The church retains a fresco decoration dating from the late century. 11th, in the oldest part of which there is a cycle of Feasts and some busts of saints; if the artistic quality is not excellent, the work appears remarkable for the treatment of the faces (highlighted by the use of a light and impressionistic technique) and for the synthetic narrative style (for example the Entry into Jerusalem and the Resurrection of Lazarus), with large clearly delineated figures and the elimination of all secondary details. The style can be compared to that of the Panaghia ton Chalkeon in Thessaloniki (1028), the Hagia Sophia of Ohrid (1050) and the almost contemporary frescoes in the crypt of Hosios Lukas in Phocis. 12 ° the increased political importance of the island and the closer ties with Constantinople led to the foundation of new monasteries and a significant improvement in the artistic quality. In the Panaghia Phorbiotissa of Asinou – a tiny single-ship church covered by a simple barrel vault with a lowered arch, founded, as an inscription testifies, in 1105-1106 – the most ancient frescoes are preserved in the bema and in the upper part of the walls of the naós, where a cycle of the Feasts appears in a reduced form. The style is essentially linear, rather flat and expressive, but devoid of the pronounced mannerisms of the late-century Comnenian style. 12th: the graceful rhythmic grouping of the figures (eg in the Dormition) recalls the mosaics of St. Michael of Kiev, while the attempt to express deep feelings through the expressions of the faces anticipates the frescoes of Nerezi in Macedonia (1168). Remarkable testimony of the metropolitan style, this work proves to be of great importance since no other cycle of the first century. 12th can be dated just as precisely. The Enkleistra of Aghios Neophitos, N of Paphos, constitutes an exceptional rock complex comprising a hermitage cave (the cell of the saint) and the adjacent chapel of the Holy Cross. In the cell there is a depiction of Neophyte suppliant at the feet of Christ signed by Theodoros Apseudes (1183), the first Byzantine painter whose name is known. In the nearby depiction of the Anastasis, placed above a niche for funerary use and characterized by a surprising use of vermilion and idealized faces, one can identify the hand of another artist: the folds of the drapery, more mannered, reveal a more advanced style, but both painters were probably Constantinopolitan.

In reverse, the conventional linear style of the Passion cycle in the nave (datable to around 1196) and even more the rigid holy monks depicted in the narthex suggest the activity of local artists. In any case, it is worth noting that such a variety of artists work in such a small complex, all of the same generation and committed to satisfying the needs of a single client. with the political crisis marked by the usurpation of the despot Isaac Comnenus in 1185 and the conquest of the island by Richard the Lionheart at the beginning of the third crusade (1191). By 1192, the year in which Cyprus was sold to the French Guido di Lusignano, the frescoes of the Panaghia tu Araku (Our Lady of the Field) in Lagudera were completed. Overall, the paintings, which follow the traditional decorative program in the dome and apse and also include a cycle of festivals and numerous images of saints of monumental dimensions, present an extraordinary stylistic homogeneity, characterized by very complex articulations of the drapery. It is a more dynamic way, connected with the taste for courtly elegance, in which the development of imaginary architectures, the refinement of the ornamentation and the wide range of splendidly harmonized colors correspond to the attenuation of the expressiveness of the figures. The uniformity of the concept and project clearly suggests the existence of an enlightened client and a prominent painter who supervised the execution of the entire work. All this appears in stark contrast to the periphery of the site and the modesty of the architecture: a small single-ship hall, with a single apse, with a dome, supported by internal buttresses and blind arches leaning against the walls of the nave. The mannerisms that are captured in the execution (twisted serpentine folds, inflated ‘tails’ of the drapery, elongation of natural human proportions) are characteristic of late Roman art, in this case tempered by a certain courteous taste and devoid of the extremisms present in works slightly later, such as the frescoes of Kurbinovo in Macedonia (1199). Other important fresco cycles are found in the monastery of Aghios Chrysostomos near Kutsovendi, from the late century. 11 ° (Mango, Hawkins, 1964), in the church of Panaghia Amasgu in Monagri (Winfield, 1971; Boyd, 1974), in the church of the Apostles of Perachorio, of the late century. 12 °, and in the church of the Panaghia of Trikomo, of the sec. 12th (Winfield, 1972).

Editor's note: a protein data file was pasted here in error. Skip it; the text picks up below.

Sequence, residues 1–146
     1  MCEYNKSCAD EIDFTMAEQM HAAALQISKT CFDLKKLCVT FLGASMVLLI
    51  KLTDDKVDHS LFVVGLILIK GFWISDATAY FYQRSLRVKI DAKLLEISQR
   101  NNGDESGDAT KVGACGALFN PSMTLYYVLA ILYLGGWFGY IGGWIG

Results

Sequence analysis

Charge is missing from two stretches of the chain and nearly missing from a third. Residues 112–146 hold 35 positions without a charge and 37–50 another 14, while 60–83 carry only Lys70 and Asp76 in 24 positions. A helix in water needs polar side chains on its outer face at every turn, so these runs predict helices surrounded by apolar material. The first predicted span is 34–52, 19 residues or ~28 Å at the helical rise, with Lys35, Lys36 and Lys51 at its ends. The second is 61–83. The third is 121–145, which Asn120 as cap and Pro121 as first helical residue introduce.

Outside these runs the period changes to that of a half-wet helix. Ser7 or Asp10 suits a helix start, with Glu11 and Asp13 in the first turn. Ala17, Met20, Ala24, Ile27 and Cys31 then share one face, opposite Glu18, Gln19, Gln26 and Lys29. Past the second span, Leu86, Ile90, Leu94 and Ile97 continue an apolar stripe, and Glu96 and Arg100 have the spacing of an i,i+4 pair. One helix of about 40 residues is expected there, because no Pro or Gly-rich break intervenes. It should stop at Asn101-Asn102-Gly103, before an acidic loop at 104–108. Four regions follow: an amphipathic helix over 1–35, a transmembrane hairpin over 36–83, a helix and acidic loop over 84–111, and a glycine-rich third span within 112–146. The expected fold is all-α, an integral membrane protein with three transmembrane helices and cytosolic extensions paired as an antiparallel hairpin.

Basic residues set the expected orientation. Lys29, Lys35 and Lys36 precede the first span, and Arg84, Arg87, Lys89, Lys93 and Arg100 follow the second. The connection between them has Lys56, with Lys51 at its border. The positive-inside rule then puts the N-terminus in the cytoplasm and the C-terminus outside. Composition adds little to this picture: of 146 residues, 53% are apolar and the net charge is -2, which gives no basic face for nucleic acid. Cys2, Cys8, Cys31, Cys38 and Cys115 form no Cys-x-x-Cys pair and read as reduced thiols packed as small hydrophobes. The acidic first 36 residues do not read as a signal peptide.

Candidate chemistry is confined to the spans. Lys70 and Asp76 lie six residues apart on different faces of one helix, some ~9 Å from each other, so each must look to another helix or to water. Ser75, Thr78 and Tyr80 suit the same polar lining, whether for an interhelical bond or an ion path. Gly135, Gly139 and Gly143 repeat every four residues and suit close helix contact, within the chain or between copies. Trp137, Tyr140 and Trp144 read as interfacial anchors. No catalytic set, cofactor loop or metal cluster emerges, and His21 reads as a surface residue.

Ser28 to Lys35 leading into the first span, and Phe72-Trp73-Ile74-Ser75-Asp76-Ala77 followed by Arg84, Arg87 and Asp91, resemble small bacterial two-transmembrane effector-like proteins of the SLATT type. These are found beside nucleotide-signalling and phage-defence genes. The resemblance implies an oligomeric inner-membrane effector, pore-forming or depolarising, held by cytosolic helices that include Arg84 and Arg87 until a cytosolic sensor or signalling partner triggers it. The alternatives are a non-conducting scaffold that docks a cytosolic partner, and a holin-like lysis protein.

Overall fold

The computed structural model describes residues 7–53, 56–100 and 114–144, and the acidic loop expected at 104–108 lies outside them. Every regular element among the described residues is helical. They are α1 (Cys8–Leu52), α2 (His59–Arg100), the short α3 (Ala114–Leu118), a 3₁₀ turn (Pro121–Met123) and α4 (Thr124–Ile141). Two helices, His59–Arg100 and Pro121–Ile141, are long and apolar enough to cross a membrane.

Cyprus Arts Between 8th and 12th Centuries